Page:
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U.S. Sen. John Cornyn's Gun Background Check Bill Added To Government Funding Measure

Bob Daemmrich for The Texas Tribune
U.S. Sen. John Cornyn joins fellow Texas Sen. Ted Cruz and Tribune CEO Evan Smith for the closing day of The Texas Tribune Festival on Sept. 24, 2017.

Legislation by U.S. Sen. John Cornyn, R-Texas, to strengthen the criminal gun background check system has been tacked onto a massive spending bill Congress is expected to consider this week in order to avoid another government shutdown, several news outlets reported Wednesday.

The legislation, known as the "Fix NICS" act, was co-authored by Cornyn and Democratic Sen. Chris Murphy of Connecticut after the Sutherland Springs shooting in November that killed more than two dozen people. After the bill stalled in the upper chamber despite dozens of senators backing the legislation, Cornyn's office announced earlier this month — in the aftermath of the school shooting in Parkland, Florida — that he had enough support to push it forward without the possibility of a filibuster.  

The bill would hold government agencies accountable for failing to properly document individuals' criminal histories in the FBI's National Instant Criminal Background Check System. As of Tuesday, Cornyn's office said, the legislation had 77 co-sponsors in the Senate. 

“The calls from the American people to address gun violence in our schools and communities have been deafening, and I’m grateful we’ll soon get that chance,” said Cornyn in a released statement late Tuesday. “Fixing the background check system will help save lives and reduce the likelihood of what occurred in Parkland and Sutherland Springs from happening again.”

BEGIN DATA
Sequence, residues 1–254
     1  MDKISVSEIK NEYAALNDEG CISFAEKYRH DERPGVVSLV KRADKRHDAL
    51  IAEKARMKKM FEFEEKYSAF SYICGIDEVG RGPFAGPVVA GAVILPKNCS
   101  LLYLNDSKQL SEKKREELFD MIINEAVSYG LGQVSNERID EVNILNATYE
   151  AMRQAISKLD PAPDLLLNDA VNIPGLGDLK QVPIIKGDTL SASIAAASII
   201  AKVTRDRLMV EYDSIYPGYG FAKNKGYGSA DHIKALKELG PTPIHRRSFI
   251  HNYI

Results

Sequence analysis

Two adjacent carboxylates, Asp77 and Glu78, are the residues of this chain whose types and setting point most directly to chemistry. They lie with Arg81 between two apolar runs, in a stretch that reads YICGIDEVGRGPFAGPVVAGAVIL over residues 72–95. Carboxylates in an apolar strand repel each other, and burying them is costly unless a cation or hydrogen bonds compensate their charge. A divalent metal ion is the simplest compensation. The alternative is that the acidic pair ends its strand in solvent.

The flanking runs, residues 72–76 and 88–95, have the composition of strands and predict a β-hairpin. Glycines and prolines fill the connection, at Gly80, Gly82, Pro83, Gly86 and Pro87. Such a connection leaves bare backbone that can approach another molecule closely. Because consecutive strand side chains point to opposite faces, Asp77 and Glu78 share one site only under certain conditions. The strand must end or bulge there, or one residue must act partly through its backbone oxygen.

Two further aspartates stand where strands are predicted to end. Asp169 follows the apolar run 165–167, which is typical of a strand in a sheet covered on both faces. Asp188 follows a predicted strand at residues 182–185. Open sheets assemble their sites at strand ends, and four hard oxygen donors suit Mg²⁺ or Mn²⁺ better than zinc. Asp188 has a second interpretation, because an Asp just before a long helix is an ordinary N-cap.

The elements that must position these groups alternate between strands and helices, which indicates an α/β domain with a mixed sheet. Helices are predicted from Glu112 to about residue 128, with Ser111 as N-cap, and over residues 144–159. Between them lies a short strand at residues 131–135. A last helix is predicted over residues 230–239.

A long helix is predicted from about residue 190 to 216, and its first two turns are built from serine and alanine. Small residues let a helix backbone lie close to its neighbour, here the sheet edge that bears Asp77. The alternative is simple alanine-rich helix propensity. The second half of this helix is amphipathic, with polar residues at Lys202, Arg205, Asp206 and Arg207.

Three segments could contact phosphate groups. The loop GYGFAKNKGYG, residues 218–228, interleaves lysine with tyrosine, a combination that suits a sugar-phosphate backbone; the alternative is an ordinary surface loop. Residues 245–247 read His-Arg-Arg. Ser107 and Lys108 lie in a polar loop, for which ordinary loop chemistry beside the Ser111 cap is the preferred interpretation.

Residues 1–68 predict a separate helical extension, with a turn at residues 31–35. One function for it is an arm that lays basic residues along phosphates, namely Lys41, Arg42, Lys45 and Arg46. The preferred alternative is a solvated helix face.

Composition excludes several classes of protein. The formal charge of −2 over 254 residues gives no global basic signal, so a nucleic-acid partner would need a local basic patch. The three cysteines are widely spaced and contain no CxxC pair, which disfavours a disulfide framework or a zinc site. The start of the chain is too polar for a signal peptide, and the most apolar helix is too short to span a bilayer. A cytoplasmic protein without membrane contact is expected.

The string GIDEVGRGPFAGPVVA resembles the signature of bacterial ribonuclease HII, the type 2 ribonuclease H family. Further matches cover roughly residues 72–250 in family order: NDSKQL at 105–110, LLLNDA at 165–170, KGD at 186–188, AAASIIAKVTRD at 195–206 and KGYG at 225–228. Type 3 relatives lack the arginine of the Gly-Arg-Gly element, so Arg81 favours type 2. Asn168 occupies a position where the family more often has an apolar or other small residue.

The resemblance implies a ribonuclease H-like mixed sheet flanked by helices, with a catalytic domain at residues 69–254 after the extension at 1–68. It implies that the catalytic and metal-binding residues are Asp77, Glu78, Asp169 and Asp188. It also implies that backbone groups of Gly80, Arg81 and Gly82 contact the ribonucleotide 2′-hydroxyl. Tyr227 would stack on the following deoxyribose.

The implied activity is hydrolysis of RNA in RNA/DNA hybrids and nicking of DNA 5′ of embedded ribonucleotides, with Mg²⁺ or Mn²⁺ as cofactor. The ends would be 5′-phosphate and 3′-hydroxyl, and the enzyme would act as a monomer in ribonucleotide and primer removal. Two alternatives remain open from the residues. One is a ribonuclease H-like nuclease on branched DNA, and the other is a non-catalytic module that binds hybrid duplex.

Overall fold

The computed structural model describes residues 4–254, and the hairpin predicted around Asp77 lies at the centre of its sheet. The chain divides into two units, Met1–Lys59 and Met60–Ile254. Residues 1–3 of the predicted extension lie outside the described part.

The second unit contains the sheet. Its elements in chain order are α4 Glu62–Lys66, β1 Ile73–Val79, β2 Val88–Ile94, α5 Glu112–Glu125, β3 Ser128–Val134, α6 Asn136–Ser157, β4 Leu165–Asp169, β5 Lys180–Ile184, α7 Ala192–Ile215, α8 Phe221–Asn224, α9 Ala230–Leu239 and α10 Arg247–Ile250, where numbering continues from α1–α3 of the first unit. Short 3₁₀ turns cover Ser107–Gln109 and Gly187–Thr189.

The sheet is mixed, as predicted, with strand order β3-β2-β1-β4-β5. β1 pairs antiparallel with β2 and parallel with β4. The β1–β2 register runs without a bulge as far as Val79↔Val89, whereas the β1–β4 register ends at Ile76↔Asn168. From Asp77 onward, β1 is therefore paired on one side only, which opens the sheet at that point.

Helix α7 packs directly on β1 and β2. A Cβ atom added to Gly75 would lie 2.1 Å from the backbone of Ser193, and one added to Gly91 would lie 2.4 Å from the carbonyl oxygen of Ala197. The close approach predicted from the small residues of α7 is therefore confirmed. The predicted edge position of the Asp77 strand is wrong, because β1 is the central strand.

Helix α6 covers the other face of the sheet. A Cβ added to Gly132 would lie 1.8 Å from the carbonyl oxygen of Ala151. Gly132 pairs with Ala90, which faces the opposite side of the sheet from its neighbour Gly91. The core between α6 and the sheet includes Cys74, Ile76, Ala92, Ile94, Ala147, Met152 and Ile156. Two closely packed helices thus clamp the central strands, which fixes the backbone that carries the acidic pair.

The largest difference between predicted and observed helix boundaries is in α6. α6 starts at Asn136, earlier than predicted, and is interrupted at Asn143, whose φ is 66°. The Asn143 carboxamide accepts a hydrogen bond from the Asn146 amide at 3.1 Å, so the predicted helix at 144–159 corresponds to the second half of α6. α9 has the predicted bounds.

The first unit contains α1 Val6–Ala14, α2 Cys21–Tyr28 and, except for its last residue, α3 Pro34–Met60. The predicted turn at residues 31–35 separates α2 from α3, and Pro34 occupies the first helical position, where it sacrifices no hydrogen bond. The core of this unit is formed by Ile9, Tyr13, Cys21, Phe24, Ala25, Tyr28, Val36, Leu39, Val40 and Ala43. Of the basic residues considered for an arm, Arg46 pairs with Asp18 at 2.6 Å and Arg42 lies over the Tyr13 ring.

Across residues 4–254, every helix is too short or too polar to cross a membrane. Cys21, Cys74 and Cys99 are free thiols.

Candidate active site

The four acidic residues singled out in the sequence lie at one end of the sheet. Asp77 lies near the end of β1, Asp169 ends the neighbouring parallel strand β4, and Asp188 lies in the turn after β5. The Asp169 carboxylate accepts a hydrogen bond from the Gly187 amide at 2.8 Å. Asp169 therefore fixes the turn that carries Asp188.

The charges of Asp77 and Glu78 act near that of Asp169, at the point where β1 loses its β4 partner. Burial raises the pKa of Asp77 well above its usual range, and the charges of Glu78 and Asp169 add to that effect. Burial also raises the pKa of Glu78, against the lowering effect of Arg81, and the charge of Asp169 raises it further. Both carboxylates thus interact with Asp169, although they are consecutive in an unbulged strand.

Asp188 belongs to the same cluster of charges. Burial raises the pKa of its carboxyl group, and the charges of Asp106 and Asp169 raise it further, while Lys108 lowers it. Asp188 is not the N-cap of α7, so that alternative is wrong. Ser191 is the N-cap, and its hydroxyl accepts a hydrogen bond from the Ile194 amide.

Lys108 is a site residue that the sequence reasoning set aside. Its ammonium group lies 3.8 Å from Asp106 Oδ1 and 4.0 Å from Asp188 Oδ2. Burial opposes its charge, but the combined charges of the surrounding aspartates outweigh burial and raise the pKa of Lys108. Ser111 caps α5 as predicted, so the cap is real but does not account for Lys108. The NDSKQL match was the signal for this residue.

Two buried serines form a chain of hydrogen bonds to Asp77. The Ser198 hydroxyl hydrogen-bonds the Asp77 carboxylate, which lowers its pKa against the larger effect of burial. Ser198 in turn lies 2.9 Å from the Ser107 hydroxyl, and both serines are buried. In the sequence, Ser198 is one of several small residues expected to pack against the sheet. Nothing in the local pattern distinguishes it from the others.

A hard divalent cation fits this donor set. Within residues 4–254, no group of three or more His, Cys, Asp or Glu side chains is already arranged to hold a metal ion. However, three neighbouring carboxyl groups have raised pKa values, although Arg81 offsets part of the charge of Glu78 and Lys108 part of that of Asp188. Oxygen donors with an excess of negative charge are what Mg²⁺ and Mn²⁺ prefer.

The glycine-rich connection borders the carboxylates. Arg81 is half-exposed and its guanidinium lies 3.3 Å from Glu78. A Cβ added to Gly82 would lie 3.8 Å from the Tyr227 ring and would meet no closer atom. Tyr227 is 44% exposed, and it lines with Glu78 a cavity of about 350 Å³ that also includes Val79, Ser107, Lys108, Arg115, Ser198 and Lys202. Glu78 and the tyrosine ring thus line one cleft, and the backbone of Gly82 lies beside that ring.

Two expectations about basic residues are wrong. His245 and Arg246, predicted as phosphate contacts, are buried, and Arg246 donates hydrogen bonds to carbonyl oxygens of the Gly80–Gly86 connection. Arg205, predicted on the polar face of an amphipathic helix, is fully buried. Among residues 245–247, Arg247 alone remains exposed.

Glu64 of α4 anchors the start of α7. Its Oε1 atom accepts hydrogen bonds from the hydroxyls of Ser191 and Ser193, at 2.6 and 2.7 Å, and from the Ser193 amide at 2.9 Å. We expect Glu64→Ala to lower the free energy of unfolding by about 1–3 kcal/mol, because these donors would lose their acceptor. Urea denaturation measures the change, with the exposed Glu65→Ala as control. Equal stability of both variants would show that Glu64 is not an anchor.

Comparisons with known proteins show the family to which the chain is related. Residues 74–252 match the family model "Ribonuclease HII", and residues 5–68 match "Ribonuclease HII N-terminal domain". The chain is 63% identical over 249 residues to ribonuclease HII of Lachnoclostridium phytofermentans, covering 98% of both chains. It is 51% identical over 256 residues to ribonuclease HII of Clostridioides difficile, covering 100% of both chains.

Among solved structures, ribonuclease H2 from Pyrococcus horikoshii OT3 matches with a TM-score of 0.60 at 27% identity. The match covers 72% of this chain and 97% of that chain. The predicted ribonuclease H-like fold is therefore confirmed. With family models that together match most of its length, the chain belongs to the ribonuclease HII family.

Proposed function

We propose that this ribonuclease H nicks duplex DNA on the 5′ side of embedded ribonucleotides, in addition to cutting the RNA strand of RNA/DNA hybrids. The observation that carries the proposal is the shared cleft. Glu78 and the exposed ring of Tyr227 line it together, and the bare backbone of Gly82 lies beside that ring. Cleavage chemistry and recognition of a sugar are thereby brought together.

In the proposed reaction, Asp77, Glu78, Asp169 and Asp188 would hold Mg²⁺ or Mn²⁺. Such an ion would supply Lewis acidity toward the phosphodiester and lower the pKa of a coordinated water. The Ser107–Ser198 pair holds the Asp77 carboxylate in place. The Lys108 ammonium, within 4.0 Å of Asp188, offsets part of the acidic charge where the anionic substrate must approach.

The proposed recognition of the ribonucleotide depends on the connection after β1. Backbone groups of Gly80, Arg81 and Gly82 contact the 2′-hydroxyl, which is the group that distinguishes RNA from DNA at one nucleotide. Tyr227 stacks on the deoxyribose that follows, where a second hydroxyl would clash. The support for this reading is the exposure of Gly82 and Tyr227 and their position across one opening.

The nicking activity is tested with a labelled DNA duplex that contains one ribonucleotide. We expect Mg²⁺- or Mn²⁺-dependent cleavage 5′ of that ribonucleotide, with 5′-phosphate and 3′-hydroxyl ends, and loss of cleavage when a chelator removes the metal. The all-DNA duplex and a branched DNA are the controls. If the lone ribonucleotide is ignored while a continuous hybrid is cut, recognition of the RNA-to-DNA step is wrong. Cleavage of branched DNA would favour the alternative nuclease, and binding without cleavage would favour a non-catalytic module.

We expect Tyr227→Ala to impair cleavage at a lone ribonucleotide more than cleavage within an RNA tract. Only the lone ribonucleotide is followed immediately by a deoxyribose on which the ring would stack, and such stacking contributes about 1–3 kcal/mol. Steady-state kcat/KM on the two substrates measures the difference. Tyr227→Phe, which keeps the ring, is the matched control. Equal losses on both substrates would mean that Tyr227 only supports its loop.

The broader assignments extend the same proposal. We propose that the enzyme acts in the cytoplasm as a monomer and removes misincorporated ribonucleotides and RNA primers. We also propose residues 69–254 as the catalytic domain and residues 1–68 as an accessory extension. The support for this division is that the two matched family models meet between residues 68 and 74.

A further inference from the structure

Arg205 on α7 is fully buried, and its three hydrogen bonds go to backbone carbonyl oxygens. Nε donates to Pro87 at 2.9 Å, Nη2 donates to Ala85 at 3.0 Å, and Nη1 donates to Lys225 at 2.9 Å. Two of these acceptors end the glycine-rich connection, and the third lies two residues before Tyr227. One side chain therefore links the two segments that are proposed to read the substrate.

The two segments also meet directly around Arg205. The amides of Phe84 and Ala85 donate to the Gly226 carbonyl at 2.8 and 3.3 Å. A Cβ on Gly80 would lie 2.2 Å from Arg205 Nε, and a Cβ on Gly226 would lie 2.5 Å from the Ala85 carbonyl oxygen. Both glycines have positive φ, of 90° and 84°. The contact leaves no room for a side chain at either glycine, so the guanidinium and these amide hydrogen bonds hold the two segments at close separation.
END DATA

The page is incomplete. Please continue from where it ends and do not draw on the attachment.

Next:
The NICS database, which is handled by the FBI, landed on the public's radar last fall after a former U.S. Air Force airman opened fire at a rural Texas church, killing 26. The Air Force said after the shooting that it failed to report the gunman's history of domestic assault to the database — information that should have prevented him from buying a gun.

Cornyn's legislation would require federal agencies and states to come up with plans to ensure information is properly reported to the database. The bill, which would set aside resources to help those agencies do so, would also create a system of incentives and penalties for agencies who comply or fail to do so. 

Congress has until the end of day on Friday to pass a funding measure to keep the federal government running. 

The Texas Tribune provided this story.

Cassandra Pollock is an engagement reporter for The Texas Tribune, which she joined in June 2017 after a stint as a fellow during the 85th Texas Legislature. She graduated in 2017 from The University of Texas at Austin’s School of Journalism. Cassi has previously reported for The Daily Texan, the university’s official student newspaper, and The Washington Examiner in Washington, D.C.